(2) Celiac Patients May Be More Strict In Dietary Adherence
People with celiac disease may be more likely to adhere to a gluten-free diet, given they have a full-blown autoimmune disorder. A strict gluten-free diet will ensure proper healing and recovery.
However, people with gluten intolerance may be more lackadaisical in managing their diet and perhaps less concerned about gluten cross-contamination. They may also be more willing to cheat on their gluten-free diets.
This is concerning, given that gluten intolerance is often a precursor to celiac disease and other autoimmune diseases.
(3) More Celiac Patients Means More Research and Interest
The more people with celiac disease, the more interest will be paid to the disorder by researchers, doctors, pharmaceutical companies, food companies, restaurants, etc.
Interestingly enough, in 2020, researchers found that the number of diagnosed celiac disease cases increased by an average of 7.5 percent per year over the past few decades.
While this figure shows that celiac disease is on the rise, it doesn’t account for undiagnosed or misdiagnosed people.
Approximately 1.8 million Americans have celiac disease, but 1.4 million are unaware they have it, according to research from the Mayo Clinic.
(4) Celiac Disease Patients May be Eligible for Future Treatment Options
Fingers crossed that celiac disease treatment options beyond the gluten-free diet will one day become available for people with celiac disease.
However, these treatment options will only be available to those with confirmed celiac, making it more important than ever for people to have that firm celiac diagnosis in hand.
(5) Celiac Disease Patients Are Eligible for Tax Benefits
Finally, people with celiac disease may take advantage of tax benefits that help offset the high cost of gluten-free food. Some healthcare providers may also provide coverage for people with celiac disease seeking nutrition and dietary guidance from a dietician.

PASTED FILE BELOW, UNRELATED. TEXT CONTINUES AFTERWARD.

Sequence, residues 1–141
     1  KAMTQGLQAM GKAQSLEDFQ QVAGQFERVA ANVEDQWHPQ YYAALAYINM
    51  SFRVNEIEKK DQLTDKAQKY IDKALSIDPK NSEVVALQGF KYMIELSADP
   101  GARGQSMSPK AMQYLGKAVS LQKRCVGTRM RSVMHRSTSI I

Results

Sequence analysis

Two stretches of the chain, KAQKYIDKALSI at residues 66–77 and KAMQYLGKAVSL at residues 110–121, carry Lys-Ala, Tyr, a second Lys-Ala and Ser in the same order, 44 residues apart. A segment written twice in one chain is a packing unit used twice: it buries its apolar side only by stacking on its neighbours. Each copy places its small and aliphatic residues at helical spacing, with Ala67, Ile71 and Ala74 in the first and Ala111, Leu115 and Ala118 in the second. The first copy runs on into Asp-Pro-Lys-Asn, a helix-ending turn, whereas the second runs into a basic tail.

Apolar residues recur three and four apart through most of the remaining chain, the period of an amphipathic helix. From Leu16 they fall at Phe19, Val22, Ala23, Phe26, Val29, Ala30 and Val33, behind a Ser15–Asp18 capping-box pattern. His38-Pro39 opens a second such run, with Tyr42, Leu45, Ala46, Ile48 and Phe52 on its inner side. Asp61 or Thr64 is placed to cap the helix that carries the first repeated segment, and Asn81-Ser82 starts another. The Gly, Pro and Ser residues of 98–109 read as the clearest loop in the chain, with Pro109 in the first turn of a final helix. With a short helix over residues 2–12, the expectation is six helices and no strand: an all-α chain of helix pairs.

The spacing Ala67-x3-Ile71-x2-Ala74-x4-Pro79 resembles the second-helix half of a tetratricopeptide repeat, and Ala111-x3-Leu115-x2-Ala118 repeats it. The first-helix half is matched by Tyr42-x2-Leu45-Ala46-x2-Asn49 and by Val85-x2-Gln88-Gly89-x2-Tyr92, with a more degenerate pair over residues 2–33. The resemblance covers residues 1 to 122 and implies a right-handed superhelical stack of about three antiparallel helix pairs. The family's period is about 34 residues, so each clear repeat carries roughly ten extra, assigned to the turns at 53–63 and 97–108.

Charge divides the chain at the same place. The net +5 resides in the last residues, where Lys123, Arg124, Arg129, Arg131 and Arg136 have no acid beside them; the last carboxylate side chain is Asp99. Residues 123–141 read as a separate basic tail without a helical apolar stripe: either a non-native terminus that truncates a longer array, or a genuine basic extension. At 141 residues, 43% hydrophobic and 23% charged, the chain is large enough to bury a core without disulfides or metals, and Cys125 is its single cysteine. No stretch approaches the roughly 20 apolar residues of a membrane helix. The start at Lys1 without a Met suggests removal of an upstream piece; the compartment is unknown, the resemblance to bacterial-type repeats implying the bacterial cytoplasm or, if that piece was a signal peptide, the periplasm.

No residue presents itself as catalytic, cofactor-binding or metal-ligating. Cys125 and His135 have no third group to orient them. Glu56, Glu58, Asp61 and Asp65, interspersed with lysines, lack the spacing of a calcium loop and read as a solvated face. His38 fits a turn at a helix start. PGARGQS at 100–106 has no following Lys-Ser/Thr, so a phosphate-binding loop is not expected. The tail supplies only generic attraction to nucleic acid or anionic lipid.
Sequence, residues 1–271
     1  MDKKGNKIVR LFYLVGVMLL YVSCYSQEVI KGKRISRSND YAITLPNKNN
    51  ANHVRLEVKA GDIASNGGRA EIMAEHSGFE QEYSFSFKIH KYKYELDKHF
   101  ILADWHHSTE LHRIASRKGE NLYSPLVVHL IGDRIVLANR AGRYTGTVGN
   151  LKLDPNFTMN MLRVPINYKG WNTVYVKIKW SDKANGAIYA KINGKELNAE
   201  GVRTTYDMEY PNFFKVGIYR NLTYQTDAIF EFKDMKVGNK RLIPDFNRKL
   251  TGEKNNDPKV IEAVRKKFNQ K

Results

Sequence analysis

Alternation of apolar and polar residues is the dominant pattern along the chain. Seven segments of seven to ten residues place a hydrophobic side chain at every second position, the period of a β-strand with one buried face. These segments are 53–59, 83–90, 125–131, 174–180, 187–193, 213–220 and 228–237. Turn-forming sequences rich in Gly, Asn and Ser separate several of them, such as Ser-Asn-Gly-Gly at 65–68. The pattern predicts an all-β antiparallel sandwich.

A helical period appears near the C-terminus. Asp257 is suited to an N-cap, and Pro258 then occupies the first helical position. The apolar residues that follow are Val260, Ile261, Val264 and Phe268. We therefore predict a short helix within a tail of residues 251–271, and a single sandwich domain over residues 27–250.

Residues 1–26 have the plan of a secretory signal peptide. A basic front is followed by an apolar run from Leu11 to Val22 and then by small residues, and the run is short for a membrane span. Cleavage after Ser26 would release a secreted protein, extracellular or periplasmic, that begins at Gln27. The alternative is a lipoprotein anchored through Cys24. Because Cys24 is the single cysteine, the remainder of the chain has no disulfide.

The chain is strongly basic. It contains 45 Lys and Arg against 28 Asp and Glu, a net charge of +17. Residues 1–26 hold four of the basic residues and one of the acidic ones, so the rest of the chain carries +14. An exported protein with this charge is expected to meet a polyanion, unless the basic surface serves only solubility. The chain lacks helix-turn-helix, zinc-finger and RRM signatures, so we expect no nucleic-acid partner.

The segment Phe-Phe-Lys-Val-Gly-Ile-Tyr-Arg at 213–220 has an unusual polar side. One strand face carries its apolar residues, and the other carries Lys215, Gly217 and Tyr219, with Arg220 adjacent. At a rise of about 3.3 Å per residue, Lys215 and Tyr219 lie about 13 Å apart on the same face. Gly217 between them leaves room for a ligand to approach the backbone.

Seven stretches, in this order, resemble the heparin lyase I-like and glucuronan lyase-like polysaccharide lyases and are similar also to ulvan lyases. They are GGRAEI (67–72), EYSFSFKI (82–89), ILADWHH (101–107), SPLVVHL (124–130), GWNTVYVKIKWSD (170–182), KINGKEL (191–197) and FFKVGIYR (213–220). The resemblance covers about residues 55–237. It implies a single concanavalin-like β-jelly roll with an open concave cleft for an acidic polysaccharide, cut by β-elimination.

In some countries, such as Italy, the government even provides a stipend to celiac patients to help offset the high cost of gluten-free food. Should this benefit be available in the U.S., a person would likely need an official celiac disease diagnosis to qualify.
Alternatives to the Gluten Challenge
If eating gluten again is a non-starter, one can consider the following alternative Gluten Challenge alternatives.
(1) Genetic Testing
A genetic test can be a helpful tool in deciding if a person is at risk for celiac disease because a person must carry one of the two genes – HLA DQ2 and DQ8 – associated with celiac disease.
If a person doesn’t have one of the genes, they can’t have celiac disease, and there’s no need to undergo a Gluten Challenge because it’s clear that the person has a gluten intolerance, not celiac disease.
I recommend taking this simple at-home celiac gene test, which involves only a simple cheek swab, to determine if they have one of the celiac genes. A doctor can also perform a genetic test upon request.
(2) Celiac Testing
Before reintroducing gluten, a person should take a celiac disease test. Why? According to Dr. Tom O’Bryan, the leading gluten-sensitivity doctor and author of The Autoimmune Fix, six out of every ten gluten-free people who do a celiac test come back positive with elevated antibodies to gluten. (Source: “Reintroduce Gluten” by Dr. O’Bryan – this article has been archived.)
In other words, some people unintentionally eat trace amounts of gluten despite being on a gluten-free diet. Trace amounts of gluten add up over time and can still prompt a person’s immune system to react.
Is the Gluten Challenge Worth It?
Many experts say that the Gluten Challenge isn’t worth it for many reasons:
(1) The Treatment is the Same for Both Disorders
The treatment is the same regardless of whether a person has celiac disease or gluten intolerance. Both disorders require a person to follow a strict lifelong gluten-free diet.
Consider this: A person takes the Gluten Challenge only to find out they don’t have celiac disease. Should that person permit himself to eat gluten again even though gluten makes him feel sick?
Gluten intolerance is a very serious disorder and should be taken seriously by the person with the disorder and the medical community. Eating gluten with “just” a gluten intolerance can and will put a person at risk for a slew of serious, life-altering, and sometimes irreversible damage.
(2) Gluten (Re)Damages the Body
Unfortunately, the Gluten Challenge is known to cause more harm than good.
A Journal of Pediatric Gastroenterology and Nutrition study showed that most children on the Gluten Challenge could not consume the full recommended amount of gluten due to roaring symptoms.
The study also suggested that the small amounts of gluten consumed by the children caused “all” the children to display signs of “clinical, laboratory, or histologic” relapse.
Ultimately, deciding whether or not to take the Gluten Challenge test is a personal decision. There is no right or wrong answer.
Regardless of a person’s choices, I hope they find peace and comfort in the outcome.